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The Repercussions Of Attacking Iran


The United States may have backed off on a military strike against Iran, but today, National Security Adviser John Bolton cautioned the Iranians not to, quote, "mistake U.S. prudence and discretion for weakness." And it's being widely reported that the U.S. has carried out a cyberattack against Iran. A commander there in Iran has warned that his country would set the region on fire in the event of U.S. military action.

There's worry throughout the Middle East about all of this. NPR's Jane Arraf is in Iraq, one of the countries that would be most affected, and she joins us now from Baghdad.

Good morning, Jane.

JANE ARRAF, BYLINE: Good morning, Lulu.

GARCIA-NAVARRO: So we know Iraq is one of the few countries that's friendly with both the U.S. and with Iran. How do they juggle that?

ARRAF: Yeah. That's - it's a really tough balancing act, and particularly since, to the Iraqis, the U.S. has had a diminishing presence here. So for security reasons, it evacuated most of the embassy and the consulate in the Kurdistan region in May. It closed another consulate in Basra last year. And American oil workers were recently evacuated from the southern oil fields.

In contrast, Iran tends to dig in. So most Iraqi leaders, and most Iraqis in general, don't want to have to make a choice. They want to be on good terms with everyone. But if they had to make a choice, the feeling is that they would have more to lose by choosing the U.S. over Iran.

GARCIA-NAVARRO: That U.S. Embassy evacuation was linked to threats from Iranian proxies on Americans and American interests. So what is the specific fear if things escalate?

ARRAF: So there are quite a few things because Iran has quite a big and varied toolbox when it comes to this. There are fears that there could be kidnappings of Americans, and you'll recall we haven't seen that in years. And if you look at the effect of just a single rocket that hit those southern fields, it sent out Exxon Mobil workers out of the country. So there's that economic impact.

But to get that wider sense, I talked to Hezbollah Brigades. They're considered the biggest Iran-backed militia here. So in his office, under a photo of past and present Iranian supreme leaders, I talked to the spokesman Mohammad Mohey. And he says those rockets that hit U.S. interests - those are small groups and small attacks, and they are nothing compared to what Hezbollah and others would do, he says, if the U.S. attacked Iran.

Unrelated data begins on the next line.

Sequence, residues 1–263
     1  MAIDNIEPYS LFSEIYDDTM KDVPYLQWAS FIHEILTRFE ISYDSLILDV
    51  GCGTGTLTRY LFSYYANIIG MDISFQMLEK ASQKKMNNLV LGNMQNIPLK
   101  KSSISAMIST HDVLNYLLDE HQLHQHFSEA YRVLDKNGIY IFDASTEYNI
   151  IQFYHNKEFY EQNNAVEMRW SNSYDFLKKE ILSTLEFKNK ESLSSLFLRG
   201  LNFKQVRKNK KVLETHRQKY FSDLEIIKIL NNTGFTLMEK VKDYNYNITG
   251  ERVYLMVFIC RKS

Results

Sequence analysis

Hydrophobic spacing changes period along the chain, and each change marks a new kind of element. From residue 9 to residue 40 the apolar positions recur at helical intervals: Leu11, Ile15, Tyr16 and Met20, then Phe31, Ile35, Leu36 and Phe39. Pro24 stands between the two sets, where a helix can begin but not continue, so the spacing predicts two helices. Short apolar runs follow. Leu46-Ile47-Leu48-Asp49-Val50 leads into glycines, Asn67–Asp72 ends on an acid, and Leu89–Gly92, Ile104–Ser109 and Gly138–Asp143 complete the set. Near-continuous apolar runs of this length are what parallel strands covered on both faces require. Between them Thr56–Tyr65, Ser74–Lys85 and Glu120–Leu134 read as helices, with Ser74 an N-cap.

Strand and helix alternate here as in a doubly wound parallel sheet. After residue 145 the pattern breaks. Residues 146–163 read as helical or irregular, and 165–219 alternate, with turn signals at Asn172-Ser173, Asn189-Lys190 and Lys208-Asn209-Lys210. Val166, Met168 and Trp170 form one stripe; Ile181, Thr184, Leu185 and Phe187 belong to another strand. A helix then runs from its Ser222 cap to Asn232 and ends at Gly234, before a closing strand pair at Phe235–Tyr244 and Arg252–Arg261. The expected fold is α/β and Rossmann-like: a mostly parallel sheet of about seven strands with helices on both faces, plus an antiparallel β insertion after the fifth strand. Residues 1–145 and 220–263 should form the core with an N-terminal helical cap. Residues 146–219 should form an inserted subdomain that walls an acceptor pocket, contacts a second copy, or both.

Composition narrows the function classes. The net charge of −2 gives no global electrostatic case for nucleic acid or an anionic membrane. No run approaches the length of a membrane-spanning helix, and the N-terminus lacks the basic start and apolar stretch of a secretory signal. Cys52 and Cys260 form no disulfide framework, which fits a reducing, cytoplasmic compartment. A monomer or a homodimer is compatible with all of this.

MOHAMMAD MOHEY: (Foreign language spoken).

ARRAF: So he says the U.S. knows two things - that Iran is a strong country and that Hezbollah and other groups he calls resistance forces have grown stronger, and they're capable of harming U.S. interests if they choose to.

And it's true because Iran backed militias that are now only nominally under control of the Iraqi government. They're a lot stronger and better equipped since they moved in to fight ISIS than they were when the U.S. had a much bigger troop presence here.

GARCIA-NAVARRO: And I imagine that other countries in the region are worried, too.

ARRAF: They are because pretty much every country has a reason to worry. First, there's that effect on the oil industries, and oil is important to so many of these countries. If a conflict - if the conflict chokes off that tanker traffic in the Persian Gulf, that would be disastrous. And then Iraq isn't the only country with Iranian proxies and U.S. interests. There could be repercussions in Syria, Lebanon and even beyond those borders into Israel.

And it could also stoke sectarian tension, which has been dying down. Hezbollah spokesmen, for instance, mentioned Bahrain, where the U.S. 5th Fleet is based and where there's an ongoing crackdown on the Shia population. And he says that's just one place that could be destabilized. So a lot of worries here.

GARCIA-NAVARRO: That's NPR's Jane Arraf in Baghdad.

Thank you so much.

ARRAF: Thank you.

(SOUNDBITE OF MUSIC) Transcript provided by NPR, Copyright NPR.

Jane Arraf covers Egypt, Iraq, and other parts of the Middle East for NPR News.